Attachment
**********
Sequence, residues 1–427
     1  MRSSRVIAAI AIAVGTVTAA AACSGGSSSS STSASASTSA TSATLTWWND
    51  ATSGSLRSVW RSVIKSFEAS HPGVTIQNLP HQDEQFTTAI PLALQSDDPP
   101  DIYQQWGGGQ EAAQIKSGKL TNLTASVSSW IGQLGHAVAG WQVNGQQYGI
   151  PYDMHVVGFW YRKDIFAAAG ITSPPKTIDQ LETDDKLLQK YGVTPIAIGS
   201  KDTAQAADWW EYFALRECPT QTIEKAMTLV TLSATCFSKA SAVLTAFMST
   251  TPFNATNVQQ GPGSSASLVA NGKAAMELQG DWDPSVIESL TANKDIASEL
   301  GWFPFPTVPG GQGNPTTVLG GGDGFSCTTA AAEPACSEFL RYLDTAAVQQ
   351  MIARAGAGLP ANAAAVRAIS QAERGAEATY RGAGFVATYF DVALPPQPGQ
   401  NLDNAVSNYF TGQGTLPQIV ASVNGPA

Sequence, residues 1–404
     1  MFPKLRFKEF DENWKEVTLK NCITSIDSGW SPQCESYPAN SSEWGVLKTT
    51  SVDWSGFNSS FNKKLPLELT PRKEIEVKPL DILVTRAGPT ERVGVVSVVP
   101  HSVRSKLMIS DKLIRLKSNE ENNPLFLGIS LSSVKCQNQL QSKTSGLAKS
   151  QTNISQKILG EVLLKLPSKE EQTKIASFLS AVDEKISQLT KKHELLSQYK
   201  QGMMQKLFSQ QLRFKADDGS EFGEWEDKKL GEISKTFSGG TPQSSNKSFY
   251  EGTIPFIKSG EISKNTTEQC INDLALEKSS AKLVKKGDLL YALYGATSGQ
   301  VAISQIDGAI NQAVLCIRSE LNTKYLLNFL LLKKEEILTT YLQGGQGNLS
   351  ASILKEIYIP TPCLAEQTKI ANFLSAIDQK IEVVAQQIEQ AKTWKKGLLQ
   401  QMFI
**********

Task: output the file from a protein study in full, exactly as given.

Sequence, residues 1–427
     1  MRSSRVIAAI AIAVGTVTAA AACSGGSSSS STSASASTSA TSATLTWWND
    51  ATSGSLRSVW RSVIKSFEAS HPGVTIQNLP HQDEQFTTAI PLALQSDDPP
   101  DIYQQWGGGQ EAAQIKSGKL TNLTASVSSW IGQLGHAVAG WQVNGQQYGI
   151  PYDMHVVGFW YRKDIFAAAG ITSPPKTIDQ LETDDKLLQK YGVTPIAIGS
   201  KDTAQAADWW EYFALRECPT QTIEKAMTLV TLSATCFSKA SAVLTAFMST
   251  TPFNATNVQQ GPGSSASLVA NGKAAMELQG DWDPSVIESL TANKDIASEL
   301  GWFPFPTVPG GQGNPTTVLG GGDGFSCTTA AAEPACSEFL RYLDTAAVQQ
   351  MIARAGAGLP ANAAAVRAIS QAERGAEATY RGAGFVATYF DVALPPQPGQ
   401  NLDNAVSNYF TGQGTLPQIV ASVNGPA

Sequence, residues 1–404
     1  MFPKLRFKEF DENWKEVTLK NCITSIDSGW SPQCESYPAN SSEWGVLKTT
    51  SVDWSGFNSS FNKKLPLELT PRKEIEVKPL DILVTRAGPT ERVGVVSVVP
   101  HSVRSKLMIS DKLIRLKSNE ENNPLFLGIS LSSVKCQNQL QSKTSGLAKS
   151  QTNISQKILG EVLLKLPSKE EQTKIASFLS AVDEKISQLT KKHELLSQYK
   201  QGMMQKLFSQ QLRFKADDGS EFGEWEDKKL GEISKTFSGG TPQSSNKSFY
   251  EGTIPFIKSG EISKNTTEQC INDLALEKSS AKLVKKGDLL YALYGATSGQ
   301  VAISQIDGAI NQAVLCIRSE LNTKYLLNFL LLKKEEILTT YLQGGQGNLS
   351  ASILKEIYIP TPCLAEQTKI ANFLSAIDQK IEVVAQQIEQ AKTWKKGLLQ
   401  QMFI